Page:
Thursday, June 6, 2002

Research and Development

I spent a lot of time thinking about what my brother-in-law had said about 'working anywhere' on our recent vacation to the Florida Keys. I thought of our favorite vacation spots, the island chains of Northern Lake Michigan, the islands off the coast of Maine, the Mexican coastline. Could it work? Could I manage to continue working and earning a living whilst travelling around? Could we pack up and sell out and live aboard like our friends had done years before? I didn't even dare bring up what was going through my head with Terri, at least until I had looked into the idea a bit further.

2001/02 saw a lot of trips to the library, and a big pile of sailing literature. Some of the books I enjoyed the most, and really fueled the fire were "The Cruising Life" by Ross Norgrove, "The Intricate Art of Living Afloat" by Clare Allcard, and Joshua Slocum's classic "Sailing Alone Around the World". I marveled at tales of men and women singlehandedly sailing to exotic ports of call, of whole families (including young children) living for years hopping from island to island, sailing across oceans, watching dolphins jumping through their wake, hearing the calls of whales, of night sailing and bioluminescent trails . . . Of course, I also read of less enthralling adventures, of shipwrecks, of being cast adrift for months, of the sailors from the Whaleship Essex reduced to cannibalism, of piracy, of sharks; books like "Adrift: Seventy-Six Days Lost at Sea" by Steve Callahan, or "Survive the Savage Sea" by Dougal Robertson. But for every book of disaster there were inspiring books of triumph, like "Maiden Voyage" by Tania Aebi about a female single handed sailor who travels around the world with only a cat for company, or "Wanderer" by the actor Sterling Hayden who defys a court order declaring his ship 'unseaworthy', and takes his kids to the South Seas on it.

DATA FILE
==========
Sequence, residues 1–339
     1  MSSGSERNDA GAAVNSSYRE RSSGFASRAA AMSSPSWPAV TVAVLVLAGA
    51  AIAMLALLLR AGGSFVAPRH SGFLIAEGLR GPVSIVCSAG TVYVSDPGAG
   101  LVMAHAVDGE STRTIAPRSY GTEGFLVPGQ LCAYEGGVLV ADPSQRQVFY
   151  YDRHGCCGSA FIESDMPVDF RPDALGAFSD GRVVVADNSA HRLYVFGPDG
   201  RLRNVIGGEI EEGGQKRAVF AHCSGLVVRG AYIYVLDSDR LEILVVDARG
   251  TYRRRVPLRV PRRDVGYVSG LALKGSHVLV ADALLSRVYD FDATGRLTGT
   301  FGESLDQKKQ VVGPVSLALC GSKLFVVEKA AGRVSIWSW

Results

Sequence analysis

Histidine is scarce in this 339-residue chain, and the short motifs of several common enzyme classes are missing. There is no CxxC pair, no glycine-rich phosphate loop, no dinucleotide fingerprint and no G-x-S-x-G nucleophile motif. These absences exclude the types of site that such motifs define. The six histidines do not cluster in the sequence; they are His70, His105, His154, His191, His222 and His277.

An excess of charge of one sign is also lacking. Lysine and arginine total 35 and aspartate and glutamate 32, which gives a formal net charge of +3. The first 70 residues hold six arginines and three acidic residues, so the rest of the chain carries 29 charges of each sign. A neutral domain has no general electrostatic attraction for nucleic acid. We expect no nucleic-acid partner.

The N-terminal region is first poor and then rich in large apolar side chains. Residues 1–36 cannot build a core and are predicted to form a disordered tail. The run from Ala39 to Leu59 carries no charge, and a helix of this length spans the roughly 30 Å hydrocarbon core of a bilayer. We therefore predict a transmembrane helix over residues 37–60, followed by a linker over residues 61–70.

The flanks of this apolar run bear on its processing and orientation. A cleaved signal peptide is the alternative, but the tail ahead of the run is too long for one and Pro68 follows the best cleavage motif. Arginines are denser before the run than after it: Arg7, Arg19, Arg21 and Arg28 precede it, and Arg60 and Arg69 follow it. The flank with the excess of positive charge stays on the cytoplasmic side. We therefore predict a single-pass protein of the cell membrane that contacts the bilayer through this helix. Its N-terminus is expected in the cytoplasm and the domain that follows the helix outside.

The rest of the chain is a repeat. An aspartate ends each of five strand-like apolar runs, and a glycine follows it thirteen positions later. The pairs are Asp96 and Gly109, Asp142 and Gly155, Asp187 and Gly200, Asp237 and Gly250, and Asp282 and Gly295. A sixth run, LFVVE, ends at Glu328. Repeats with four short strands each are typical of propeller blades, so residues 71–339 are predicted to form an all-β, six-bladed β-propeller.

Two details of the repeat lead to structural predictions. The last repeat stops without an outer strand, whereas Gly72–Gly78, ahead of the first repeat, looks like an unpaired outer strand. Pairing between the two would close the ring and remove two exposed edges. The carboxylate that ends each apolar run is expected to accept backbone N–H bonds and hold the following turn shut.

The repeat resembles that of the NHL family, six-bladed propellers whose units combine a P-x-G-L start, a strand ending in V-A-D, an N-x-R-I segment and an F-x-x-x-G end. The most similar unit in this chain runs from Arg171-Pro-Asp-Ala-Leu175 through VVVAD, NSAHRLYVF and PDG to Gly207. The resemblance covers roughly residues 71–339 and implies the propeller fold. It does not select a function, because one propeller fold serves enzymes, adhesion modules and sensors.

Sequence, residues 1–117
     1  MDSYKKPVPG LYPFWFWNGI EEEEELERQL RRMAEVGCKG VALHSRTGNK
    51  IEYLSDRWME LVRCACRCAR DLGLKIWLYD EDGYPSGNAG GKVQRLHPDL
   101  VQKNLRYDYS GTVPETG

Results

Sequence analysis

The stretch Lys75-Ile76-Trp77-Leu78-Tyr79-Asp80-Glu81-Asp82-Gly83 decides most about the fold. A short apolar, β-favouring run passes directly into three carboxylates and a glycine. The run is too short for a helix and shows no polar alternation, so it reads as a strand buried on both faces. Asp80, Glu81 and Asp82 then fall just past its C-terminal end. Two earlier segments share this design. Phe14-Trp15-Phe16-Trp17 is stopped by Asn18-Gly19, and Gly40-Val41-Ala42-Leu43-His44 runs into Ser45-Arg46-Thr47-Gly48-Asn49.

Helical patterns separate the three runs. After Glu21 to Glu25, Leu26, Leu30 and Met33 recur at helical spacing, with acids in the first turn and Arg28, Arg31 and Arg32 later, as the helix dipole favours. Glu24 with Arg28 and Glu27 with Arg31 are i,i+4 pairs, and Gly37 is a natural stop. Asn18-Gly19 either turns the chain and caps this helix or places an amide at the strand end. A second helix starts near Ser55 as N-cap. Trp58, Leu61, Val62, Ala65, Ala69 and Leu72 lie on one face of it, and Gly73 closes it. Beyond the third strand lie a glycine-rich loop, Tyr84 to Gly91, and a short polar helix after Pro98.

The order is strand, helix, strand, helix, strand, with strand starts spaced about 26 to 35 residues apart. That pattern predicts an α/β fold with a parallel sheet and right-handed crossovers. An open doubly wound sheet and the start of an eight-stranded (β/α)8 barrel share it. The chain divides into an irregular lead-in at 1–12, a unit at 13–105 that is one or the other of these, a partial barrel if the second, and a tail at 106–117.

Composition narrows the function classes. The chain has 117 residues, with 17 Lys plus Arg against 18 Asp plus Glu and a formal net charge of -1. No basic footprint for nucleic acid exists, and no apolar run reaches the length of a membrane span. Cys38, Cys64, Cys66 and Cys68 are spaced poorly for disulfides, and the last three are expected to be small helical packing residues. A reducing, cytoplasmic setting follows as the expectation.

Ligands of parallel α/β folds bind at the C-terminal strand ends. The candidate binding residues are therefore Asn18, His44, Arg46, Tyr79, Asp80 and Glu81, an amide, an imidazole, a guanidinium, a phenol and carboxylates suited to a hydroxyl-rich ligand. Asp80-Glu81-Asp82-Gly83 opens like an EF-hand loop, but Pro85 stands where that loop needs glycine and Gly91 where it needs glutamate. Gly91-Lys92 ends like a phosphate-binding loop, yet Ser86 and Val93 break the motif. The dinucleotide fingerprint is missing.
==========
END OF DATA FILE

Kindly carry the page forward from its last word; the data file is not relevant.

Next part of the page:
I read through nearly the entire 'sailing section' of our local library, from personal sailing accounts, to disasters at sea, to how-to guides, to technical manuals, anything related to ocean travel.

The idea that you could travel to practically anywhere on earth under your own power I found extremely appealling. The idea of getting out of this dreary treadmill, this seemingly endless cycle of work/spend/work/spend appealed to me on another level. The feelings of peace that we used to find backpacking on remote islands, the escape from the din of civilization, at least for a little while, was a siren call to my psyche. I guess I sort of envisioned us taking an early 'semi-retirement', somehow continuing work, but at a slower pace, and hopefully a slower pace to spending and acquisition as well.

Eventually Terri started noticing a trend in my reading, and I had to 'feel her out', tell her what crazy scheme had burrowed into my brain. I was surprised that her immediate reaction wasn't 'not no but hell no', but a more reasoned response. She, of course, saw the more practical side of things (school, college, family commitments, health issues, friends etc), as she tends to do in everything, but it wasn't long before I found her reading a few sailing books as well.

We thought the first step ought to be familiarizing ourselves with sailing a bit more than just out of books. Perhaps take a class, try it out, see if we even take to it. Perhaps we'll really hate it after all. We began looking into where we could get sailing lessons, preferrably for all three of us. We started hanging around over near Lake Michigan, walking the docks, peeking into other people's boats, inquiring at different marinas about sailing instruction. We eventually happened on Torreson Marine's Sailing School in Muskegon, and signed up for a class in the summer of 2003.